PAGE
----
This is exactly how Puccini's La bohème makes you cry

29 November 2018, 13:51

By Elizabeth Davis

We spoke to conductor Alexander Joel and soprano Natalya Romaniw about how Puccini tugs at those heart-strings in his famous tragic opera.

This winter, English National Opera transports its audiences to a 19th-century Parisian winter with a production of Puccini's heart-breaking opera La bohème.

We caught up with conductor Alexander Joel and soprano Natalya Romaniw, who plays Mimì – and asked them to explain exactly how Puccini manipulates us into dissolving into tears, every darn time.

There are a number of themes that recur throughout the opera – one associated with the character of Mimì (which you can hear in her opening aria – at the top of page), others associated with love… and death.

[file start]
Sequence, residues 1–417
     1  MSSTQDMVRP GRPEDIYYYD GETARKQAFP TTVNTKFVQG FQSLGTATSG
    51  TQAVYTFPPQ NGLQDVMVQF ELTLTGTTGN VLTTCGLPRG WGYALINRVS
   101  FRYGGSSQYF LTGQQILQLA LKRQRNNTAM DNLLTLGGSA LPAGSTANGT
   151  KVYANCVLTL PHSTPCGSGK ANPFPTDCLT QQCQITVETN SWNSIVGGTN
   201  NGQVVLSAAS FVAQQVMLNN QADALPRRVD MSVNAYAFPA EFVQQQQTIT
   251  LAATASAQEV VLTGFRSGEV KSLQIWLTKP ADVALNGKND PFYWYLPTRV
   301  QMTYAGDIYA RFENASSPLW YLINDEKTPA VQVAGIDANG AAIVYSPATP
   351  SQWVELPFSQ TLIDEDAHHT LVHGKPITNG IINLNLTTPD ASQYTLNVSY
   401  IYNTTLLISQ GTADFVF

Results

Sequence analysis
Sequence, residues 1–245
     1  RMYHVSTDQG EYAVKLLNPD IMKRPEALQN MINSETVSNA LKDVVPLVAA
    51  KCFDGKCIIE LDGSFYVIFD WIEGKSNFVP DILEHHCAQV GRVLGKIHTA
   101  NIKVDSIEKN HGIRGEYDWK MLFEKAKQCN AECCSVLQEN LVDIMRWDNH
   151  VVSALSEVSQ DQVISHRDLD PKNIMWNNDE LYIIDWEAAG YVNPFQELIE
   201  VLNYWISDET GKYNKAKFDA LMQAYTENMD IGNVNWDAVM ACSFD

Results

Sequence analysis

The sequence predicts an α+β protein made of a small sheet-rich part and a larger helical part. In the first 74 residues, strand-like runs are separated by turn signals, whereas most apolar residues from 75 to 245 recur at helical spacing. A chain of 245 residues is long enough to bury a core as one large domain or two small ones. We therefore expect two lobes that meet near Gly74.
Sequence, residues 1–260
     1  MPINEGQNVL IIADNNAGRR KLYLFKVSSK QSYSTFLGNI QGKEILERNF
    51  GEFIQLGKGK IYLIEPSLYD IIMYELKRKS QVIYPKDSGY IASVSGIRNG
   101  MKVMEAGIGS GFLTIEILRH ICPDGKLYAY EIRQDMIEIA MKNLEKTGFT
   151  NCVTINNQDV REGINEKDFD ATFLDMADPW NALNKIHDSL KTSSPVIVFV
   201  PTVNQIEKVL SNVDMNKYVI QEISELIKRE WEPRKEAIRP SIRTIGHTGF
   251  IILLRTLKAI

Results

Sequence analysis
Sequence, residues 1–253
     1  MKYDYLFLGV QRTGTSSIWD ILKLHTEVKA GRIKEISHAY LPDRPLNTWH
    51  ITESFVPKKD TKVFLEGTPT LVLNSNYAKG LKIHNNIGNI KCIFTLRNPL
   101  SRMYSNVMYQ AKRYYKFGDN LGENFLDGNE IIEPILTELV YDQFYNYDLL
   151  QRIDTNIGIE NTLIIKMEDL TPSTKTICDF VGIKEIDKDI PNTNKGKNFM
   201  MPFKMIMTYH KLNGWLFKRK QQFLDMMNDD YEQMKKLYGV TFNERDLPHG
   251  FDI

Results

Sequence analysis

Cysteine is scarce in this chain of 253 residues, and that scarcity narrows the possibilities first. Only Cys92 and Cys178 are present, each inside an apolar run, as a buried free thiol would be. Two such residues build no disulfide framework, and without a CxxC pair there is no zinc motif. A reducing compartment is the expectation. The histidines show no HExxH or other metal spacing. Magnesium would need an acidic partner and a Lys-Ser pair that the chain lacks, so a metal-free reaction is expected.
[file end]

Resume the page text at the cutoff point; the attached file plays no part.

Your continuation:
But it's not just about the melodies that reappear, Puccini tells us what's going on in the story through his use of harmony – and sometimes it's the exact of opposite of what the characters *say* is happening.

Of course, the most heart-breaking moment of all is the final scene – and Mimì's death. Just listen to how Puccini manipulates us to empathise with Rodolfo and Mimì's situation.

Hankies at the ready…

La bohème is at English National Opera until 22 February